Celebrating a legacy of social work was the focus of the Third Annual Betty Spencer Memorial Social Work Luncheon where The University of Southern Mississippi School of Social Work was presented a $5,000 gift to increase the total endowment of the Betty Spencer Memorial Scholarship which has a corpus of more than $20,000.
The check was given by Spencer’s daughter, Adrienne Spencer, along with Virginia Adolph, president-elect for the Gulf Coast Program Unit of the Mississippi Chapter of the National Association of Social Workers (NASW). Representing Southern Miss as recipients of the gift were University President Rodney Bennett, Gulf Coast Vice President and Campus Executive Officer Frances Lucas, College of Health Dean Michael Forster and School of Social Work Director Tim Rehner.
“Scholarships, including the Betty Spencer Memorial Scholarship, represent a significant contribution to the education and future careers of our students,” said Rehner. “The actual dollars that a student receives are beneficial since they can be applied to tuition or books.”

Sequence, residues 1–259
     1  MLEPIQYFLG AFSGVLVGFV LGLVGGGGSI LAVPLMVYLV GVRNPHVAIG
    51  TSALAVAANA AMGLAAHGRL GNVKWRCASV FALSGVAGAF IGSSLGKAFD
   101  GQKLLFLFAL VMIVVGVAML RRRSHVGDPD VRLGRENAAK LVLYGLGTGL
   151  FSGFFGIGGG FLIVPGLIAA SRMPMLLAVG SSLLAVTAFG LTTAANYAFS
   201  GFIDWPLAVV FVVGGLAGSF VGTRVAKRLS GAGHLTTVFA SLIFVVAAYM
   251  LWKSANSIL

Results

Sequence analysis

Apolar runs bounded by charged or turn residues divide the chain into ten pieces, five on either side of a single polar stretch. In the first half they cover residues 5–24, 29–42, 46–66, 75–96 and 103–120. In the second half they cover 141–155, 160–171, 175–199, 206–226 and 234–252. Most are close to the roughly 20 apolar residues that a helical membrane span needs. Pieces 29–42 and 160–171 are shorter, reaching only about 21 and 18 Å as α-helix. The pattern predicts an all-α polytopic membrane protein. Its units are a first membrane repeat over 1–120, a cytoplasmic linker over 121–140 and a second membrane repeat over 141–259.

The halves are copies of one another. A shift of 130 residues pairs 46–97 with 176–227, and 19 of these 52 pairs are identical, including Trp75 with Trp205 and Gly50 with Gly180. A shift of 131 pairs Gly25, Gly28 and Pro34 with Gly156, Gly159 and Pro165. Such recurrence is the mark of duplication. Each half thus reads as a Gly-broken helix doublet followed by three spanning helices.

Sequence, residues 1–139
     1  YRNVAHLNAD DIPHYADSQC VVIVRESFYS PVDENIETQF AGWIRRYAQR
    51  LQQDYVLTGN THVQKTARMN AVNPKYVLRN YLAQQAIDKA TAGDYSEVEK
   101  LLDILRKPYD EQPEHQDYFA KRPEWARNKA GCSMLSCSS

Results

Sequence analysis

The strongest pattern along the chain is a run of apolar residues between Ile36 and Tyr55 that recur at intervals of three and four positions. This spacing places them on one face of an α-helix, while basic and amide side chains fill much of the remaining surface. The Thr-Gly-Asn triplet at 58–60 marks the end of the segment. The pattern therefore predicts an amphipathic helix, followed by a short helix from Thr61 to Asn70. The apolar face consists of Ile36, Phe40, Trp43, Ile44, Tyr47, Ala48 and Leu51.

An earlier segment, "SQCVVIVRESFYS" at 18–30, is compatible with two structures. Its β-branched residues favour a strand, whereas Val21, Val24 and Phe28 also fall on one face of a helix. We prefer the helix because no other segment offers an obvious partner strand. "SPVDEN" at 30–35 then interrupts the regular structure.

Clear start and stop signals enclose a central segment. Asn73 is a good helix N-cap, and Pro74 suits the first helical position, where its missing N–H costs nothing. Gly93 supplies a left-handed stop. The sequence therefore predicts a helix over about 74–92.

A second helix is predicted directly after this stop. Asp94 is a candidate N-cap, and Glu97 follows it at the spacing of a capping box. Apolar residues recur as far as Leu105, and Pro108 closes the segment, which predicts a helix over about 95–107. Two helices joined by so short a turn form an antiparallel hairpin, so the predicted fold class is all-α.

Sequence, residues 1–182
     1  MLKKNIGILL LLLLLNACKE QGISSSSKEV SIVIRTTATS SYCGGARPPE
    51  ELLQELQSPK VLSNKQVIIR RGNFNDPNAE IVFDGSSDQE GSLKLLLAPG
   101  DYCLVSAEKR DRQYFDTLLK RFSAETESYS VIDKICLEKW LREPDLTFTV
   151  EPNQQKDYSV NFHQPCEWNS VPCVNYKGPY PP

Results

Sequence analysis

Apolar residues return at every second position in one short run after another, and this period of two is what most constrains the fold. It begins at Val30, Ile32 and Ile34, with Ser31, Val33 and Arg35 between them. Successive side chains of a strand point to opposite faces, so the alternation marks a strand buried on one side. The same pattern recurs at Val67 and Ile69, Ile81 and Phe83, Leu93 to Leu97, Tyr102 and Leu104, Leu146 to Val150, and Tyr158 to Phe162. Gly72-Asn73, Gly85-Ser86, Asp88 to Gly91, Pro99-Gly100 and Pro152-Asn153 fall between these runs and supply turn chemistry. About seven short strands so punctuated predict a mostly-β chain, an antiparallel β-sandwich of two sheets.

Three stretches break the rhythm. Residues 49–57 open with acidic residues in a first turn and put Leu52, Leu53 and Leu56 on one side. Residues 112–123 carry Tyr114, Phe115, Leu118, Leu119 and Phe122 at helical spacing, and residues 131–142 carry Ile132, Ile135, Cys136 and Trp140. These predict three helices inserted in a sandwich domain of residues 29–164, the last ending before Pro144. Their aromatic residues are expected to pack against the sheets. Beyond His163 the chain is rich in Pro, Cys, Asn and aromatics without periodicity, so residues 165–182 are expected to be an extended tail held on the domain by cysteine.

“Additionally, scholarships represent the investment of the social work community and, most notably, social work figures, like Betty Spencer, in the life of a student. Mrs. Spencer’s family can be proud of the ongoing legacy she will continue to have as these scholarships support social work students in graduate school.”
The scholarship, designated to assist Southern Miss social work graduate students at the university’s Gulf Park campus in Long Beach, specifies that applicants are to have an interest in family and child practice. When applying for the scholarship, students must submit a 300-word essay on whom or what motivated them to consider social work as a career and how that decision influences the area of practice to which he or she aspires.
The luncheon also featured the recognition of Dr. Raymond M. Scurfield, professor emeritus of social work at Southern Miss Gulf Coast, as the 2013 NASW Lifetime Achievement Award recipient. According to the NASW, Scurfield was selected for his extraordinary contributions to the social work profession and society in his 45-year career. His research and career spans posttraumatic stress disorder as a clinician, innovative therapy and program developer, educator, and researcher publishing on topics such as the Vietnam War and other war-related trauma, post-disaster interventions, race-related trauma, and exposure and experientially-based therapy.
For more information on the School of Social Work, visit www.usm.edu/social-work.